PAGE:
Coach John Wooden: R.I.P.

LOS ANGELES -- John Wooden, college basketball's gentlemanly Wizard of Westwood who built one of the greatest dynasties in all of sports at UCLA and became one of the most revered coaches ever, has died. He was 99.
From Tim Dahlberg:
One day, during a break in the season, [Bill Walton] showed up at practice with a wild, red beard, ready to play for a coach who didn't allow facial hair.

"It's my right," he told Wooden.

"That's good, Bill," Wooden replied. "I admire people who have strong beliefs and stick by them. We're going to miss you."


Robert Reich Responds To Charges Of Political Lunacy With Sanity

Reich got some crap for saying Obama should put BP into receivership. The complaints were political. Bob's idea isn't political lunacy unless you believe politicians exist to run for office and nothing else; Bob's idea is how one who claims to take responsibility for the horror would take responsibility, even if one doesn't get re-elected because of it.

Imagine politicians fixing things.  Imagine.
Is It Political Lunacy for the President to Take Charge in the Gulf Or Political Lunacy for Him Not To? A Colloquy

FRIDAY, JUNE 4, 2010

I just came across this post from Theda Skocpol, a professor of government and sociology at Harvard whom I’ve never known to mince words.

I like Bob Reich and consider him a friend, but he is nuts. [She’s referring to my suggestion that the President put BP into temporary receivership.] There is a reason why the right, including Sarah Palin, is calling for Obama to “take charge” of the BP disaster, including fixing the leaking pipe. This is a problem that cannot be solved, and probably will not be for many months.

They want Obama to directly own it so they can reinforce their message that government does not work. Why should liberals, stupidly, be pushing for this? I cannot figure out what the left and many liberal pundits think they are doing in all this.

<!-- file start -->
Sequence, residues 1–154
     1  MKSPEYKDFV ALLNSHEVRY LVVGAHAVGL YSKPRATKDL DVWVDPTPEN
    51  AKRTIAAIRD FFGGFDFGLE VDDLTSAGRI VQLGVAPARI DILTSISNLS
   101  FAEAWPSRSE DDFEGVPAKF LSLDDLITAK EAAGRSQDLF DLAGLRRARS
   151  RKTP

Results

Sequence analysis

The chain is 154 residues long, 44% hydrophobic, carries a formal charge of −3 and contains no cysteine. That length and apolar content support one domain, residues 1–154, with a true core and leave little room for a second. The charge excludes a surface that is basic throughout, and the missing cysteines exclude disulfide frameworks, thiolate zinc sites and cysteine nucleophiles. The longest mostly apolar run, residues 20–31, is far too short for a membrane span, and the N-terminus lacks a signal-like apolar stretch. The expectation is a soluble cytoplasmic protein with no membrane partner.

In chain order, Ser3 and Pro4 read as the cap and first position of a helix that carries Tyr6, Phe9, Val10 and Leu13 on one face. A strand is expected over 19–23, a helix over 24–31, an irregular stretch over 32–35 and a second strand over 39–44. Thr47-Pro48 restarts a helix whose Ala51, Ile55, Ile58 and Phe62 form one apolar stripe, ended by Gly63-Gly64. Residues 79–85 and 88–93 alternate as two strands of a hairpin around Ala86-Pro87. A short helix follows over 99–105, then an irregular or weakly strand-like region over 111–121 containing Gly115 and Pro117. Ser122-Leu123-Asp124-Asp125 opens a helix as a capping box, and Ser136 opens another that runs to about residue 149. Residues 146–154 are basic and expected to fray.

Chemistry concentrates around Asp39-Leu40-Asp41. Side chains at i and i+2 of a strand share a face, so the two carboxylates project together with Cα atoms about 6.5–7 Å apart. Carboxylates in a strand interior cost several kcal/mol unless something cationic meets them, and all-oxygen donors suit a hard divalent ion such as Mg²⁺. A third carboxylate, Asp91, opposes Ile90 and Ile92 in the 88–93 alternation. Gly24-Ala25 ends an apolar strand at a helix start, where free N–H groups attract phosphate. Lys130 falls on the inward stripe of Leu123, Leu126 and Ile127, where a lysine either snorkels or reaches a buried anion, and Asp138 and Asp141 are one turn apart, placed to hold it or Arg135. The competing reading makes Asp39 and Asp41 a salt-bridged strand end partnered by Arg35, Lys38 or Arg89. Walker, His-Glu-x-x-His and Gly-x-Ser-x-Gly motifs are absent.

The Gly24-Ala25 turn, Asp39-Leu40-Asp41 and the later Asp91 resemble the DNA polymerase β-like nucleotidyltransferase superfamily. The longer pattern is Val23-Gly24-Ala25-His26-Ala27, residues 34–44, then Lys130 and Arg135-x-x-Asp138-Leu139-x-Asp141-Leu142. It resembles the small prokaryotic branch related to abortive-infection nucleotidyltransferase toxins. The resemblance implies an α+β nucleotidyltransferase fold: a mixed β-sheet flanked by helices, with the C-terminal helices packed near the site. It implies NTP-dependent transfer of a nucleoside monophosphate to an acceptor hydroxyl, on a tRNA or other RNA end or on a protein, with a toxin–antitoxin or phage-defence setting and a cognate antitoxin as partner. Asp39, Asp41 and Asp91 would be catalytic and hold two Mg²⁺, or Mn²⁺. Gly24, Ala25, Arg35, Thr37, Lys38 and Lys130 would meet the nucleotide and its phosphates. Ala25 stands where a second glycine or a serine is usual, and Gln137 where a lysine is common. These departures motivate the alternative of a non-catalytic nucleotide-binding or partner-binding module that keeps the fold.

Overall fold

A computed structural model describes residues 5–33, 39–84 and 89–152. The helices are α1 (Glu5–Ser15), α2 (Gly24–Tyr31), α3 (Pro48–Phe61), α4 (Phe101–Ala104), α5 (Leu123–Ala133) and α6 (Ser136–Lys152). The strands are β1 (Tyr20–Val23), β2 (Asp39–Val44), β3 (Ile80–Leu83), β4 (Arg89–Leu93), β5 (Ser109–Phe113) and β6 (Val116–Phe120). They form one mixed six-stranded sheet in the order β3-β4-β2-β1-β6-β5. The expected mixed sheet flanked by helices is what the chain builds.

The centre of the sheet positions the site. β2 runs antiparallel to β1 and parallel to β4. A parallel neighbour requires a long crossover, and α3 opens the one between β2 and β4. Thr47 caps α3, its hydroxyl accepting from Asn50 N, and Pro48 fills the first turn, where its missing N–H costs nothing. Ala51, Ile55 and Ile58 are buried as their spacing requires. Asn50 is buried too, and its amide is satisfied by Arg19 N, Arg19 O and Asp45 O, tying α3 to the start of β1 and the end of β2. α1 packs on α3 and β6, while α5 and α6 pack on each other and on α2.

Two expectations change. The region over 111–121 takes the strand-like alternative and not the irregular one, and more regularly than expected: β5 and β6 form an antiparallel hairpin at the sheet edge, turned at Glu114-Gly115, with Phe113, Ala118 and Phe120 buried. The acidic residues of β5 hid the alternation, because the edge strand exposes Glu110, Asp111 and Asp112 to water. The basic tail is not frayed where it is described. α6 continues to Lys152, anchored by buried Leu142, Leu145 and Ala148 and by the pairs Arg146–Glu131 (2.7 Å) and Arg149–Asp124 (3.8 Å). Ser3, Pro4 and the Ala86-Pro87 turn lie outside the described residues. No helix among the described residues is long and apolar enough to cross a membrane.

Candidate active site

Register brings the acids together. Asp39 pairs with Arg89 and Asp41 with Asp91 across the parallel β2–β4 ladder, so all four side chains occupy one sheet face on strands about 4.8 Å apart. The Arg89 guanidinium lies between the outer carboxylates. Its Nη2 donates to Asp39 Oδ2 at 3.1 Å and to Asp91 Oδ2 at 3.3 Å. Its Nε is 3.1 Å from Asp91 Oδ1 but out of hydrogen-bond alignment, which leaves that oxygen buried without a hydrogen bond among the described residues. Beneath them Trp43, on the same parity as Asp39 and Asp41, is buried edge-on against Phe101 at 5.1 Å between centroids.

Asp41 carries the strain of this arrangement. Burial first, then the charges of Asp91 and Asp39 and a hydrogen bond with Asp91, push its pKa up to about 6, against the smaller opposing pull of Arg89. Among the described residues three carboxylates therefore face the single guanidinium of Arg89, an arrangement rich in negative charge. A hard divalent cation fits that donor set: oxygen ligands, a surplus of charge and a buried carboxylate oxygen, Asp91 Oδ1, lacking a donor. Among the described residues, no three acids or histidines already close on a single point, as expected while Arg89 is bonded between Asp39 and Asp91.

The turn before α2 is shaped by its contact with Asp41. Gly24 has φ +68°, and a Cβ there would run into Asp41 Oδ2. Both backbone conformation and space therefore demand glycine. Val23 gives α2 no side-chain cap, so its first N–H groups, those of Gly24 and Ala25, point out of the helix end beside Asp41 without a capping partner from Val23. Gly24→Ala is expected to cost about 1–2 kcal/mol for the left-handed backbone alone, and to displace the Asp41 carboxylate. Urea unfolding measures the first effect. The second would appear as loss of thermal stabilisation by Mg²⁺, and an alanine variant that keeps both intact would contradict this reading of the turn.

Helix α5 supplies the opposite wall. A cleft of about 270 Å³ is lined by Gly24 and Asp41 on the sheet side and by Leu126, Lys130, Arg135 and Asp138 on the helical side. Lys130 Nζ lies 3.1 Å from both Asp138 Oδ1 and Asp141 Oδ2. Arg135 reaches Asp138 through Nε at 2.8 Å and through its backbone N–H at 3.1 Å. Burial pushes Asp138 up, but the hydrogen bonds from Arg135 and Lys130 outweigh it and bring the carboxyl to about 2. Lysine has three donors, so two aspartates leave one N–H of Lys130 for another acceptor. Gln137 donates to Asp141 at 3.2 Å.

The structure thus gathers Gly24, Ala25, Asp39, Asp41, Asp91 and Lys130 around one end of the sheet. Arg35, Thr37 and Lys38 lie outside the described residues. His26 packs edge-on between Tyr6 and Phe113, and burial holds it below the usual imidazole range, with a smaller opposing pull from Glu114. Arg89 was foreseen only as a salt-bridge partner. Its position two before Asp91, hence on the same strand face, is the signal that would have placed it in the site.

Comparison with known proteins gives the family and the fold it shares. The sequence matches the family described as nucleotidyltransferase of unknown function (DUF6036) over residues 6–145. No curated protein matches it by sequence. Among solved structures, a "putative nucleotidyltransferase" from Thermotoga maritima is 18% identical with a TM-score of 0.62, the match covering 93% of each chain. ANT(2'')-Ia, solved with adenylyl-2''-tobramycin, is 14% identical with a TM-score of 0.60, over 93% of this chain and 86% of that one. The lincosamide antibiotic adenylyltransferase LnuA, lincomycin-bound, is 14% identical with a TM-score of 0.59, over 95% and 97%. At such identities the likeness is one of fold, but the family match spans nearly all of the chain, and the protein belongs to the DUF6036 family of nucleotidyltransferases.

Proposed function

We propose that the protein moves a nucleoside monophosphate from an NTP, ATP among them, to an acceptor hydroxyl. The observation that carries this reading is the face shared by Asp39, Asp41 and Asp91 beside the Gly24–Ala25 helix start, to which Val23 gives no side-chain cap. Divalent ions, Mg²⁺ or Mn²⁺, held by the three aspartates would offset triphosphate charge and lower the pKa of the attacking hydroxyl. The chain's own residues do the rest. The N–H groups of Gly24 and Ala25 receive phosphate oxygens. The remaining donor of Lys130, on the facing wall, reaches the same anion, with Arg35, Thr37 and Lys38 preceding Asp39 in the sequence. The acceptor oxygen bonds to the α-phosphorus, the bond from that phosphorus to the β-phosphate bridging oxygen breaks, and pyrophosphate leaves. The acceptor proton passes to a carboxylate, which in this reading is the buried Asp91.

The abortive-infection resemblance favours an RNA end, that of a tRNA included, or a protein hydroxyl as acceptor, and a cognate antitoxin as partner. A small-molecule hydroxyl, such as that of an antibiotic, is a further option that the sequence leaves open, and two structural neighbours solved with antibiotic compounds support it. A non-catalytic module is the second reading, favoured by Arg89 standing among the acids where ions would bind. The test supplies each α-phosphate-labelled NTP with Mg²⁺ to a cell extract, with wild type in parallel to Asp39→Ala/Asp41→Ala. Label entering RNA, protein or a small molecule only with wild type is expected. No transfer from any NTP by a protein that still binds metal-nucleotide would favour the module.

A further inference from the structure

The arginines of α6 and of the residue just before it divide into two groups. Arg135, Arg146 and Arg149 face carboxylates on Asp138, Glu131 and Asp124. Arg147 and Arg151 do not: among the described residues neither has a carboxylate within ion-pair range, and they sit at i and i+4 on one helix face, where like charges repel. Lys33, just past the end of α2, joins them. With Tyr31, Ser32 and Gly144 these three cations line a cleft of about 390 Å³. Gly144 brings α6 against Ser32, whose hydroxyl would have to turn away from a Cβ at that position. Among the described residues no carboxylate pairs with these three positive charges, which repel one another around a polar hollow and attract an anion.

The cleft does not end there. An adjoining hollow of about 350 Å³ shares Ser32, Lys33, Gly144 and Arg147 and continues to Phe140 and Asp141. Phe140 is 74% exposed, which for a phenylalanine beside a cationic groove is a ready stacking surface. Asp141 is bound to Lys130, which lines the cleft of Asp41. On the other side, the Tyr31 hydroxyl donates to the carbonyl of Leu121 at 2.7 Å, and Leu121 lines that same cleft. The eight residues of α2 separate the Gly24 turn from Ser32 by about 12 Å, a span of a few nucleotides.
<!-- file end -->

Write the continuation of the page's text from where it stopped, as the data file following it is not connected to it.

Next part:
When a huge private corporation makes a mess and cannot fix it, it is sheer lunacy to take direct charge of that mess unless you can fix it right away.

Obama and the government can (a) hold BP accountable in criminal and financial terms; and (b) orchestrate the mitigation, restitution, and financial help for the regions affected. They are doing this and should be as visible as possible about steps in both areas. The last thing they should do is take charge of fixing the leak itself when they cannot.
My response:

I like Theda Skocpol and consider her a friend, but she’s got this one backwards. It’s not “political lunacy” for the president to take charge of this mess. It’s political lunacy for him not to.

Would Theda propose that if a military contractor accidentally fired off a missile, or the owner of a nuclear reactor accidentally allowed it to melt down, or a food processor accidentally sent off deadly bacteria into America’s food chain, that the President should not take control because he couldn’t “fix” these disasters right away? Or that he shouldn’t get involved because the political right might subsequently use his efforts to reinforce its message that the government doesn’t work?

What’s happening in the Gulf is the worst environmental disaster in American history. It defies common sense for the President to delegate most of its solution to the same corporation whose negligence in all likelihood created it.

The public deeply distrusts BP, with good reason. Its record to date has been cutting corners to make profits. Yes, BP’s expertise may be necessary now. But how can we believe BP is using all the resources at its disposal to stop the leak? (A petroleum engineer told me earlier this week that BP has some two dozen tankers in the Gulf that could be siphoning off the oil, and has shut down work on the second relief well in order to cannibalize parts from it for the primary kill effort.)

How can we trust that decisions BP continues to make – such as the use of toxic dispersants – properly weigh risks to the safety and health of Americans?

And as BP continues to pay out dividends to its shareholders, how can we trust it will have enough capital to pay all the costs of cleanup, not to mention the costs to businesses and individauls of the devastation it’s wrought?